Thompson, W. C., and E. L. Schumann. “Interpretation of Statistical Evidence in Criminal Trials: The Prosecutor’s Fallacy and the Defense Attorney’s Fallacy.” Law and Human Behavior 11, no. 3 (1987): 167–187.

Further Reading

Jaynes, E. T. Probability Theory: The Logic of Science. Edited by G. Larry Bretthorst. New York: Cambridge University Press, 2003.

McElreath, Richard. Statistical Rethinking: A Bayesian Course with Examples in R and Stan. Boca Raton, FL: Chapman and Hall/CRC, 2016.

Leamer, Edward E. “Let’s Take the Con Out of Econometrics,” The American Economic Review 73, No. 1 (March 1983): 31-43

1 John P. A. Ioannidis, “Why Most Published Research Findings Are False,” PLOS Medicine 2, no. 8 (2005), e124,; Campbell R. Harvey, Yan Liu, and Heqing Zhu, “…And the Cross-Section of Expected Returns,” The Review of Financial Studies 29, no. 1 (January 2016): 5–68,

2 David Colquhoun, “An Investigation of the False Discovery Rate and the Misinterpretation of p-values,” Royal Society Open Science (November 2014),; Charles Lambdin, “Significance Tests as Sorcery: Science Is Empirical—Significance Tests Are Not,” Theory & Psychology 22, no. 1 (2012): 67–90,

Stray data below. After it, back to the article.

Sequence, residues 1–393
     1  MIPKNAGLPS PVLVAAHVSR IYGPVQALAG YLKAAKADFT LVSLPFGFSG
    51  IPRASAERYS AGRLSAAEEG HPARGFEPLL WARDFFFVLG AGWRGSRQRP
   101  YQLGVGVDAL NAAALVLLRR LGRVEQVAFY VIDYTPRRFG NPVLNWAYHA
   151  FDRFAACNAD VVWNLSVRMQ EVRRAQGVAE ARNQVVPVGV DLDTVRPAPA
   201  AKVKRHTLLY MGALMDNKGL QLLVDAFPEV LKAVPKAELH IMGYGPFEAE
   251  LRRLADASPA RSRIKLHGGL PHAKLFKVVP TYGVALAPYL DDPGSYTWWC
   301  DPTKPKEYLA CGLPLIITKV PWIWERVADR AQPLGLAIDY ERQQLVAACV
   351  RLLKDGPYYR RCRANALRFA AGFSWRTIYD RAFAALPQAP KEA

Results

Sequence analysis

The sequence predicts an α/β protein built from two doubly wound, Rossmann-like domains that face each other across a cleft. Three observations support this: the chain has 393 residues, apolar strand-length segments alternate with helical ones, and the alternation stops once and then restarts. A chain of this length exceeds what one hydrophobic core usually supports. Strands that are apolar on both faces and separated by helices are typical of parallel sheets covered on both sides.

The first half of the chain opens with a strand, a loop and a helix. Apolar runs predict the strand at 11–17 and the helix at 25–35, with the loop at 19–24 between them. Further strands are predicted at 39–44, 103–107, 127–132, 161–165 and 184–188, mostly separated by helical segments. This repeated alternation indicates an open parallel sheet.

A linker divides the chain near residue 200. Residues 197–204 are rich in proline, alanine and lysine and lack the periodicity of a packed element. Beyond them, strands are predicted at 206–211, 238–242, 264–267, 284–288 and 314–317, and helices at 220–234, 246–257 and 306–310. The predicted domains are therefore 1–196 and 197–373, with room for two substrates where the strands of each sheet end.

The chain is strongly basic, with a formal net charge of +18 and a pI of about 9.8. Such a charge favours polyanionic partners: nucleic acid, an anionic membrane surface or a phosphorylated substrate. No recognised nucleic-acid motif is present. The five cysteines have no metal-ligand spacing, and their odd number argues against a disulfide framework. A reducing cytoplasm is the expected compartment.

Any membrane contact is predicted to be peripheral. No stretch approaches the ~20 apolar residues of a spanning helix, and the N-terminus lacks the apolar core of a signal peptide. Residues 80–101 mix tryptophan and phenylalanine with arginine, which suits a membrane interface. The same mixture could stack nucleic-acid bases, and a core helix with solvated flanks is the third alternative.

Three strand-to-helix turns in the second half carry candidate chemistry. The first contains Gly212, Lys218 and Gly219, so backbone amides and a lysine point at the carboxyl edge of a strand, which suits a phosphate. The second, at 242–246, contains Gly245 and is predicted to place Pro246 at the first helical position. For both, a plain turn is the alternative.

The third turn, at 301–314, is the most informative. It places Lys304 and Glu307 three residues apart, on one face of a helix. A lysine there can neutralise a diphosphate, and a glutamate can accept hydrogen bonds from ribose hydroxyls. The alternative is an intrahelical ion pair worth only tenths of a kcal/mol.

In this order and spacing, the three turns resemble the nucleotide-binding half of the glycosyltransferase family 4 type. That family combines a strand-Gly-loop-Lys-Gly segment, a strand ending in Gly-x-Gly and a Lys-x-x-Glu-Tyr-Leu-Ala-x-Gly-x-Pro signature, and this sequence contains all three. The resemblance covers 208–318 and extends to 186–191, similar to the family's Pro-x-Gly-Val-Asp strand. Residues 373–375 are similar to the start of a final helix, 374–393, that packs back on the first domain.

3 R. D. Morey, R. Hoekstra, J. N. Rouder, M. D. Lee, and E. J. Wagenmakers, “The Fallacy of Placing Confidence in Confidence Intervals,” Psychonomic Bulletin & Review 23, no. 1 (2016): 103–123,

4 W. C. Thompson and E. L. Schumann, “Interpretation of Statistical Evidence in Criminal Trials: The Prosecutor’s Fallacy and the Defense Attorney’s Fallacy,” Law and Human Behavior 11, no. 3 (1987): 167–187,

5 Adapted from an image on Wikimedia Commons.

6 Quoted in John Aldrich, “R. A. Fisher on Bayes and Bayes’ Theorem,” International Society for Bayesian Analysis 3, no. 1 (2008): 163.

7 Francisco Louçã, “Emancipation Through Interaction—How Eugenics and Statistics Converged and Diverged,” Journal of the History of Biology 42, no. 4 (2009): 649–684,

8 Adapted from an image on Wikimedia Commons.

9 Johannes Lenhard, “Models and Statistical Inference: The Controversy Between Fisher and Neyman-Pearson,” The British Journal for the Philosophy of Science 57, no. 1 (2006): 69–91,

10 Dénes Szucs and John P. A. Ioannidis, “When Null Hypothesis Significance Testing Is Unsuitable for Research: A Reassessment,” Frontiers in Human Neuroscience 11, no. 390 (August 2017), doi: 10.3389/fnhum.2017.00390.

11 Aldrich, “R. A. Fisher on Bayes and Bayes’ Theorem,” 163.

12 Gerd Gigerenzer, “Statistical Rituals: The Replication Delusion and How We Got There,” Advances in Methods and Practices in Psychological Science (June 2018): 198–218,

13 Adapted from an image on Wikimedia Commons.

14 Adapted from an image on Wikimedia Commons.

15 “Keynes the Speculator,” John Maynard Keynes, accessed June 23, 2023,

16 Paul Lay, “Keynes in the Long Run,” History Today, accessed June 23, 2023,